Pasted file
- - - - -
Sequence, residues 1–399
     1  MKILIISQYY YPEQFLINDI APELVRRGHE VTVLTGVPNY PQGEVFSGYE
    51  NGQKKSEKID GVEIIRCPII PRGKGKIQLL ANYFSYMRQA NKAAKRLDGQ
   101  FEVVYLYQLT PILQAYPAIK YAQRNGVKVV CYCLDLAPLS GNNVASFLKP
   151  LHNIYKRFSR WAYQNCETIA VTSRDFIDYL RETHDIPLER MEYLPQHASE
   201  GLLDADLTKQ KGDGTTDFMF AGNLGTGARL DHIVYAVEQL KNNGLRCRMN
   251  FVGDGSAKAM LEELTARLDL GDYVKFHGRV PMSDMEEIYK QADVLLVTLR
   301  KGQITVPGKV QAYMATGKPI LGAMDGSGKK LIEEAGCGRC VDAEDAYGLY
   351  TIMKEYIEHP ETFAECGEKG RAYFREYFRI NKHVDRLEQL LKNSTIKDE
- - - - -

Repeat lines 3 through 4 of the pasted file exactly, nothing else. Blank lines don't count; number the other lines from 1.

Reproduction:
    51  NGQKKSEKID GVEIIRCPII PRGKGKIQLL ANYFSYMRQA NKAAKRLDGQ
   101  FEVVYLYQLT PILQAYPAIK YAQRNGVKVV CYCLDLAPLS GNNVASFLKP